Our Teens Lead @ Work program is looking for teens who are interested is becoming instructors in our teen workplace safety and health workshops this coming summer.
The first step will be to attend training for instructors sometime before the end of this school year. You will be paid a stipend to attend, participate and learn in this six hour training. Those successfully completing the training will become part of a team of trainers that will lead teen workers in summer workshops. These workshops will help teen workers know their rights and learn how to control workplace hazards from slips and trips in a restaurant kitchen to sexual harassment and working around heavy machinery. You will be paid the Tompkins County living wage ($14.34/hr.) for this part time work. To hear more about this opportunity, contact Tom Joyce at firstname.lastname@example.org or 275-9560.
What do our trainers say?
“I started becoming involved with the Teens Lead at Work program in April of 2015 after Carlos Gutierrez and I met during an art project myself and two other artists from California were working on to try to bring awareness to the public about migrant workers who are unfortunately not given the credit they deserve for the work they do. I was asked by Carlos to attend a workshop and training for trainers in Chicago in late April where we learned about outreach, various methods of educating workers, and understanding your rights in the workplace under OSHA to keep workers safe and healthy and protect them from discrimination, harassment, and injuries. This is when I was introduced to Tom Joyce, a coworker and friend of Carlos who works with younger adults and older teenagers to educate young workers who are working about their rights and understanding the different health hazards and risks involved while working. I personally became involved in this particular area in the summer of 2015. I first attended a workshop where I learned not only the basic rules and regulations under OSHA and Midstate COSH but also how to educate young workers using specific learning activities and resources to help them in case they find themselves in a situation which threatens their safety or health.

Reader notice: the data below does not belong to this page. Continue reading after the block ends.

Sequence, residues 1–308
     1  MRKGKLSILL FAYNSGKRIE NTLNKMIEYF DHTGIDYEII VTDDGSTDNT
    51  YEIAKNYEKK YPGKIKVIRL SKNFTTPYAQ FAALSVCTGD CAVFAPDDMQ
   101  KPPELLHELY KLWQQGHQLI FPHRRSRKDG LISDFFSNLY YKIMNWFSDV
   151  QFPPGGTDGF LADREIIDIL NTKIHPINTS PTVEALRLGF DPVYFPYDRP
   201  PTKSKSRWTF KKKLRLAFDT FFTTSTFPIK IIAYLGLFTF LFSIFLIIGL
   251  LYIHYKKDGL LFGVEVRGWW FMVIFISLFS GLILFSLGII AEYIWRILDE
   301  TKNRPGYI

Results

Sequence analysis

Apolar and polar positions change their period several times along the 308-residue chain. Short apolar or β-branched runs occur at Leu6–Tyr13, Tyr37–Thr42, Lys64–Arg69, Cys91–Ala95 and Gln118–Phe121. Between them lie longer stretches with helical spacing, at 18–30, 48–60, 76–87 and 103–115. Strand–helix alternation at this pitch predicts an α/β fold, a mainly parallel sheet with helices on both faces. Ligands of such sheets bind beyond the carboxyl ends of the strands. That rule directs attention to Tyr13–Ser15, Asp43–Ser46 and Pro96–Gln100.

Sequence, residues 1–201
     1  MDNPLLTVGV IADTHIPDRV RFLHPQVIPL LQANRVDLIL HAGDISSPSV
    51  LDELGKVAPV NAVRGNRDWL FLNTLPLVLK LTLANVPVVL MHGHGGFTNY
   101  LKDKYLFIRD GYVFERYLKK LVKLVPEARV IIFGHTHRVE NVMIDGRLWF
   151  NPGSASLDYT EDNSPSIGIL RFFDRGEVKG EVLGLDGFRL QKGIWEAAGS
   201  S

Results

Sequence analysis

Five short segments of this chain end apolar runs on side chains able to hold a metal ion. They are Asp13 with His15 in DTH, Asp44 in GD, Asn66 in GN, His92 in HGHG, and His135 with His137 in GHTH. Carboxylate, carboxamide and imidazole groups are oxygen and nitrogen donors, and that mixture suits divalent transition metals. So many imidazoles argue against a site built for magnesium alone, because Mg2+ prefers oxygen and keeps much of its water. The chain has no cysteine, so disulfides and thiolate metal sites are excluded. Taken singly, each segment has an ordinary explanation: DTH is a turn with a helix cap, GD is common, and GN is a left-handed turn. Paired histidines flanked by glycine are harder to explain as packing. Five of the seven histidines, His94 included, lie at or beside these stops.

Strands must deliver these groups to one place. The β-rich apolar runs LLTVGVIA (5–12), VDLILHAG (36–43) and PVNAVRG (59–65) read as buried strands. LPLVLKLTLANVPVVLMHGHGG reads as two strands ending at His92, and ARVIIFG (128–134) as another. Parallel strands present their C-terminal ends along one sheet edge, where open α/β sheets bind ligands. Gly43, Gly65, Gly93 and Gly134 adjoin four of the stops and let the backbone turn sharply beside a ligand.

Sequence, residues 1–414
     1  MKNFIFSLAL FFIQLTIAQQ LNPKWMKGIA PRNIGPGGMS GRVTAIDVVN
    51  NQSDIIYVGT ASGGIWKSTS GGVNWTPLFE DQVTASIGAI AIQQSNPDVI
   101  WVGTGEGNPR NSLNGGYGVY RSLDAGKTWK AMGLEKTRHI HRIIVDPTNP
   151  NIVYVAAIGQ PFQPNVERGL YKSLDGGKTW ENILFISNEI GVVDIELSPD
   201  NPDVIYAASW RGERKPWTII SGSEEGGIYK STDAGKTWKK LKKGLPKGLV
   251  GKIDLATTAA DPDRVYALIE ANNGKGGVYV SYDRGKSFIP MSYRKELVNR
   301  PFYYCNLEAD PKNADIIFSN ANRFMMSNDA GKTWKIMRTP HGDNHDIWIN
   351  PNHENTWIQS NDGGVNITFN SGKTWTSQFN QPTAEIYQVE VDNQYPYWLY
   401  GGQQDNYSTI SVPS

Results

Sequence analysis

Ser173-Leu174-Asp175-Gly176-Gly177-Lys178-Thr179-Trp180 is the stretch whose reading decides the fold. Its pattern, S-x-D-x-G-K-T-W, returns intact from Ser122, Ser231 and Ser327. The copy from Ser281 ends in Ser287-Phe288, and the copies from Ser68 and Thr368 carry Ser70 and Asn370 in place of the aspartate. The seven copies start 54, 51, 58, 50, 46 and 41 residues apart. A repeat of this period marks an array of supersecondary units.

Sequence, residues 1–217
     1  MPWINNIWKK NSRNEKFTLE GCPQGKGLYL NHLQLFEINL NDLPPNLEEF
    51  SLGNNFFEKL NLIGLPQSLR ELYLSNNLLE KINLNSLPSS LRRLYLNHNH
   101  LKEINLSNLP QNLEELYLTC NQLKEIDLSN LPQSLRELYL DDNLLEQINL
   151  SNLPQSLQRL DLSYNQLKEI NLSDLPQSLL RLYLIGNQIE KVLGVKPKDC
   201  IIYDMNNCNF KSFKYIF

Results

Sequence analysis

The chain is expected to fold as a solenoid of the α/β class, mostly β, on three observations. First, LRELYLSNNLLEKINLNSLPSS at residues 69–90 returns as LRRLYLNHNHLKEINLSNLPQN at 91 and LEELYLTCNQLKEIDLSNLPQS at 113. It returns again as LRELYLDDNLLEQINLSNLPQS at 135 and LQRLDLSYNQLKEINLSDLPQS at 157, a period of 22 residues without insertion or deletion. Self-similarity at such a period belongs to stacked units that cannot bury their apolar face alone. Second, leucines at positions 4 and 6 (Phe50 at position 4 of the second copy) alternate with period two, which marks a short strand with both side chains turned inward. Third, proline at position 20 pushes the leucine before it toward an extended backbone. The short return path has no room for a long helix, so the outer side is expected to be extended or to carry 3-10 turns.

When I first became involved with the program, we were only able to visit one workplace, the Youth Farm Project, in Ithaca. This was a very good experience however since I not only helped with teaching the teenagers there but I learned from them as well. We were able to identify a few important and dangerous hazards as well including a staircase which did not have any hand rail to protect people from failing. The following year, Tom was able to reach out to several workplaces including the YES Program, GIAC Conservation Corps, Challenge Workforce, and the Youth Farm Project. We were able to train over 150 teenagers and young adults by the end of the year.
My experiences working alongside Tom as a trainer have been very rewarding and very beneficial as I also have learned some very important skills as well. My personal experiences have affected me not only as a young adult but as a communicator, a leader, and as a mentor. Although there are times when it can be frustrating and difficult trying to do outreach and get a hold of workplaces to do the trainings, overall the experience of working with young people and providing resources and important information to help them in their future work life is both rewarding and fulfilling.”
-Antonio Triana, Youth Trainer
“While I was attending New Roots Charter High School I had the opportunity to attend a workers right workshop taught by teens from another state. I found what I learned to be helpful and it surprised me that this information came to me so late. I expressed my interest in the program and before I knew it, I was the one standing in front teaching. Attending the original class helped me understand how to better assert myself with future jobs. Teaching to the younger generation made me feel as though I could help others assert themselves in future jobs and make sure this information did not come to them late as it came to me.”
-Ella Bard, Youth Trainer